REASONS TO SEE: Big dumb fun.
REASONS TO AVOID: Tries too hard to be clever.
FAMILY VALUES: There is violence, profanity and some drug use.
TRIVIAL PURSUIT: This is Addison’s debut feature film.
BEYOND THE THEATER: Amazon, AppleTV, Fandango Now, Google Play, Microsoft, Redbox, Vimeo, Vudu, YouTube
CRITICAL MASS: As of 7/23/20: Rotten Tomatoes: 33% positive reviews. Metacritic: No score yet.
COMPARISON SHOPPING: The Vanishing Point
FINAL RATING: 5.5/10
NEXT:
The Painted Bird

New Releases for the Week of November 1, 2019


TERMINATOR: DARK FATE

(Paramount) Linda Hamilton, Arnold Schwarzenegger, Mackenzie Davis, Natalia Reyes, Gabriel Luna, Diego Boneta, Tristán Ulloa. Directed by Tim Miller

After having prevented Judgment Day, Sarah Connor is presented with a new threat from the future and must turn to an old friend/nemesis if she is to save the human race once again.

See the trailer here
For more on the movie this is the website
Genre: Science Fiction
Now Playing: Wide Release
Rating: R (for violence throughout, language and brief nudity)

Arctic Dogs

(Entertainment Studios) Starring the voices of Jeremy Renner, Heidi Klum, James Franco, Alec Baldwin. An ambitious arctic fox, dreaming of becoming the top dog – number one courier in the Arctic – stumbles upon a nefarious plot to release greenhouse gasses to further melt the icepack and establish an evil walrus as the supreme ruler of the planet.

See the trailer here
For more on the movie this is the website  
Genre: Animated Feature
Now Playing: Wide Release
Rating: PG (for some mild action and rude humor)

Harriet

(Focus) Cynthia Erivo, Leslie Odom Jr., Janelle Monáe, Joe Alwyn. Harriet Tubman went from being a slave to a heroic figure who rescued thousands and who would become a symbol of African-American pride.

See the trailer here
For more on the movie this is the website  
Genre: Biographical Drama
Now Playing: Wide Release
Rating: PG-13 (for thematic content throughout, violent material and language including racial epithets)

Inside Game

(iDream Machine) Scott Wolf, Eric Mabius, Will Sasso, Lindsey Morgan. A small-time con-man teams up with two childhood friends – a bookie and a referee for the NBA – to bet on games his friend is working and make millions.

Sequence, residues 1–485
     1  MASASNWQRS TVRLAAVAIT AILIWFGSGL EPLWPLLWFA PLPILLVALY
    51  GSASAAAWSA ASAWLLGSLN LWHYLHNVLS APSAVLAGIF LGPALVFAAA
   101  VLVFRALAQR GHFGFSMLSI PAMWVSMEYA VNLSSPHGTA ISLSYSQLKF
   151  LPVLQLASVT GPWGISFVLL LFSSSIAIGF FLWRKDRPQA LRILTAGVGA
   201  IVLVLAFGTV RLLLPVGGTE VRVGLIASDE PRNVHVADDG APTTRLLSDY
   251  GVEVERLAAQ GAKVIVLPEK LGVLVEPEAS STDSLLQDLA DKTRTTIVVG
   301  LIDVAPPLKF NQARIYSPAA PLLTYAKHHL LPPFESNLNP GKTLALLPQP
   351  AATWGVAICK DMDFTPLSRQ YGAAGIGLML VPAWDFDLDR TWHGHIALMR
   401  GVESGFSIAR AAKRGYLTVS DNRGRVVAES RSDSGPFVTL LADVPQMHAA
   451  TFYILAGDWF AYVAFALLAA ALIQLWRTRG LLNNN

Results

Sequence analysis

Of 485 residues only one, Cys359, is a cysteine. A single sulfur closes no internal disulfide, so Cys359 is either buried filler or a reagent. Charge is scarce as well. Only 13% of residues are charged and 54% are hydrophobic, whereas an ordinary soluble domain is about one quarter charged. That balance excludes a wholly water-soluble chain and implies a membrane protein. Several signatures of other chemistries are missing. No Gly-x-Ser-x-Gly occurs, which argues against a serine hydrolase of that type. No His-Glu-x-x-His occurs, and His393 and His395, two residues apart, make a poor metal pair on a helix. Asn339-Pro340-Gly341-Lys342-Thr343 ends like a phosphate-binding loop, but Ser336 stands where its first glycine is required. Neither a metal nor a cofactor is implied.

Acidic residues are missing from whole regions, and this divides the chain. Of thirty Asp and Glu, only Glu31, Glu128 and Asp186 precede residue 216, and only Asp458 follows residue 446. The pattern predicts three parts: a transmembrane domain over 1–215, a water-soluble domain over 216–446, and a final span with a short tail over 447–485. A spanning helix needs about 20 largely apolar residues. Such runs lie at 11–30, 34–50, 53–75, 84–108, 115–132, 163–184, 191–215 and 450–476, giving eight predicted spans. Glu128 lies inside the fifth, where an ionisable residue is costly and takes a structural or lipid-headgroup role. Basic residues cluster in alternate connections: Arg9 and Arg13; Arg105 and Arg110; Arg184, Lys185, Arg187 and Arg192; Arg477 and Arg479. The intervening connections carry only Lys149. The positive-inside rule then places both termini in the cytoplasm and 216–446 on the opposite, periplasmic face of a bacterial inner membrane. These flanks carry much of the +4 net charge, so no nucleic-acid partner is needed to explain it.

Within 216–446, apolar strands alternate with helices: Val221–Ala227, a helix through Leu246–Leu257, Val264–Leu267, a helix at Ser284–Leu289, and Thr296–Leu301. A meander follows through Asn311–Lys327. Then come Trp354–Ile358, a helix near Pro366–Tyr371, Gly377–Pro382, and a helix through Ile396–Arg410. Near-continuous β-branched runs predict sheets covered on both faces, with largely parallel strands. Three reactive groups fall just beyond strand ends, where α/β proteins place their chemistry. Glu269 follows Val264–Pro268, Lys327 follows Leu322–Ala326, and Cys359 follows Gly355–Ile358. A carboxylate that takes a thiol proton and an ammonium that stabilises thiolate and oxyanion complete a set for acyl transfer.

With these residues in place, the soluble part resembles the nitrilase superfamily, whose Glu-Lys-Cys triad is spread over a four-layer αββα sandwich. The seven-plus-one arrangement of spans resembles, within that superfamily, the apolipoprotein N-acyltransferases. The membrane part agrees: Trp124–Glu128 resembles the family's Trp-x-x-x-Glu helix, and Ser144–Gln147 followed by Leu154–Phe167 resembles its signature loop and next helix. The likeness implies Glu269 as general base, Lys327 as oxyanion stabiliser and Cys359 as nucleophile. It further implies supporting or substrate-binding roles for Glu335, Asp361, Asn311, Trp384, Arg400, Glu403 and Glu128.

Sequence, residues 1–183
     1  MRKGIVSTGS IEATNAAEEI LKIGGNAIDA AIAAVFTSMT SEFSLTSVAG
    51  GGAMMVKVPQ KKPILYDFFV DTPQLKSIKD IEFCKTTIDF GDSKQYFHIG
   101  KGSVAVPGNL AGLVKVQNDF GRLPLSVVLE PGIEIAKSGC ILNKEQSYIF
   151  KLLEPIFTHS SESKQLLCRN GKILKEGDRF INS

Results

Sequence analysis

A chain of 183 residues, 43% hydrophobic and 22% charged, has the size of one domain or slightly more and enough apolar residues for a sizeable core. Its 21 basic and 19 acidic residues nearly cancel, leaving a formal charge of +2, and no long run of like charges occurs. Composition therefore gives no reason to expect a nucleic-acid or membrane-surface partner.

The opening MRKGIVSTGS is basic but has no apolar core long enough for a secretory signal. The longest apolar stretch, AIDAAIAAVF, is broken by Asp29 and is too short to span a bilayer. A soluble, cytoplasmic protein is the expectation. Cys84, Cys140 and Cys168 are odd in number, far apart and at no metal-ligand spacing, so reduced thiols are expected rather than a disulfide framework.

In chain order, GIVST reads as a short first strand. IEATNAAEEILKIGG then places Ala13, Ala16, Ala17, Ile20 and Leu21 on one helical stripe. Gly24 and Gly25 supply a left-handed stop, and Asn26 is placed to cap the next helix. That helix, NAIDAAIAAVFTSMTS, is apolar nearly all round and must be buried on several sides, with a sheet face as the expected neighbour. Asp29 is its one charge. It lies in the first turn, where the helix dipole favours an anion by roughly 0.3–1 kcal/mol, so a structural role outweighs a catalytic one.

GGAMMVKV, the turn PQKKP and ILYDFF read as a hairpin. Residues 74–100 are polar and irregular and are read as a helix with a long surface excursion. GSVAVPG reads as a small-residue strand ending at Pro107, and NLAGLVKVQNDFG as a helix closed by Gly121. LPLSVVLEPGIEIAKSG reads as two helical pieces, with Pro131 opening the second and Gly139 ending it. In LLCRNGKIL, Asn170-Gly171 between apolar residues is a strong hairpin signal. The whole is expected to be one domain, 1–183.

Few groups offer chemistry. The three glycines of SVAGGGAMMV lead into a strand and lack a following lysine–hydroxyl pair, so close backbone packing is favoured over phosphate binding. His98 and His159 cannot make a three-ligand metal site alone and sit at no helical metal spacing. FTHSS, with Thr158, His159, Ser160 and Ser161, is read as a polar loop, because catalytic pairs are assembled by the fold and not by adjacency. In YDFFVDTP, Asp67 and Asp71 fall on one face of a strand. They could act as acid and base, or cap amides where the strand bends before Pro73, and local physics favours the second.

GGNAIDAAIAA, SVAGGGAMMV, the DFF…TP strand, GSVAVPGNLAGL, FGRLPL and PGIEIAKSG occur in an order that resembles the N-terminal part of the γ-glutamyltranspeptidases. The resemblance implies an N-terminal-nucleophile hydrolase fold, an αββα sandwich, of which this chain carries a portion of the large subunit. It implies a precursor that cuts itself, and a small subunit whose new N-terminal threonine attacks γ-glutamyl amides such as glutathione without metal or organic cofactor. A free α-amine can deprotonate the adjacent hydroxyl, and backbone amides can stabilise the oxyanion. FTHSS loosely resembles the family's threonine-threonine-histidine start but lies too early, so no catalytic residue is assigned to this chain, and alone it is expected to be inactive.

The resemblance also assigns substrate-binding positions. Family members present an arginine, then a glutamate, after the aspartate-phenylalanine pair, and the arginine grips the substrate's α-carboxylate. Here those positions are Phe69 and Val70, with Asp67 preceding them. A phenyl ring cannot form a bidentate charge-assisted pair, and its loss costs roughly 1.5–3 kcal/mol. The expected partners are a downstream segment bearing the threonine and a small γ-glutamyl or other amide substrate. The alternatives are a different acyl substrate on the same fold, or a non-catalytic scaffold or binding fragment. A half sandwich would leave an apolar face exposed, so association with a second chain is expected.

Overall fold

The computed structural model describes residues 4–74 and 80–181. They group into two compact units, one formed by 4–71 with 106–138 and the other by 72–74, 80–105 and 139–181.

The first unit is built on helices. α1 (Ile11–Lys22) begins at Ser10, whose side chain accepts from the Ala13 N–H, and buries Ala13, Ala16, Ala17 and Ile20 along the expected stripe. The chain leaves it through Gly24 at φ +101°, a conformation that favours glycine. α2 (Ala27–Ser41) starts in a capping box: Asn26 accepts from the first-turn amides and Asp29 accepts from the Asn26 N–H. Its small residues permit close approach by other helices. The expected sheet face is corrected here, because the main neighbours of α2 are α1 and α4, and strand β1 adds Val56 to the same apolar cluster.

See the trailer here
For more on the movie this is the website  
Genre: True Life Drama
Now Playing: AMC Disney Springs. Regal Waterford Lakes
Rating: R (for language and drug use throughout, and some sexual content)

Motherless Brooklyn

(Warner Brothers) Edward Norton, Gugu Mbatha-Raw, Bruce Willis, Bobby Cannavale. A private detective with Tourette’s Syndrome must use his obsessive mind to solve the murder of his friend and mentor.

See the trailer here
For more on the movie this is the website  
Genre: Drama
Now Playing: AMC Altamonte Mall, AMC Disney Springs, Cinemark Orlando, Regal Oviedo Marketplace, Regal Pavilion Port Orange, Regal Waterford Lakes, Regal Winter Park Village, Rialto Spanish Springs Square
Rating: R (for language throughout including some sexual references, brief drug use, and violence)

ALSO OPENING IN ORLANDO/DAYTONA:

Adopt a Highway
Badland
Everybody’s Talking About Jamie
For Sama
Greener Grass
Meeku Maathrame Chepthra
Paradise Hills

ALSO OPENING IN MIAMI/FT. LAUDERDALE/KEY WEST:

Jojo Rabbit
Meeku Maathrame Chepthra

ALSO OPENING IN TAMPA/ST. PETERSBURG/SARASOTA:

Dark Justice
Meeku Maathrame Chepthra

ALSO OPENING IN JACKSONVILLE/ST. AUGUSTINE:

Give Me Liberty
Meeku Maathrame Chepthra

SCHEDULED FOR REVIEW:

Badland
Harriet
Jojo Rabbit
Motherless Brooklyn
Terminator: Dark Fate

FILM FESTIVALS TAKING PLACE IN FLORIDA:

Fort Lauderdale International Film Festival, Fort Lauderdale

Terminator Salvation


Terminator Salvation

The sad fact of the matter is that T-800s suck at hide and go seek.

(Warner Brothers) Christian Bale, Sam Worthington, Anton Yelchin, Moon Bloodgood, Bryce Dallas Howard, Common, Jane Alexander, Helena Bonham Carter, Jadagrace Berry, Michael Ironside, Linda Hamilton (voice), Arnold Schwarzenegger. Directed by McG.

The thing about the future is that it is largely unwritten. It is in many ways the undiscovered country that we all travel to together (sounds catchy, no?). Some of our biggest mistakes are made when we think we know what it holds.

John Connor (Bale) has every reason to believe he knows what’s going to happen. His mother Sarah was visited by a soldier from the future whose mission was to protect her from killer robots, called Terminators, from the same future who wish to kill her before she can give birth to a son, who will lead the human resistance to eventual victory in a war against Skynet, the sentient machine that murdered most of the human race in a nuclear horror known as Judgement Day.

Now, it is 2018 and the war is not quite going according to plan. Connor has a large following who believe he is a cross between the Messiah and a kicker of mechanical ass. He also has many who believe him to be delusional, such as the de facto resistance leader General Ashdown (Ironside) who leads the fight from a submarine.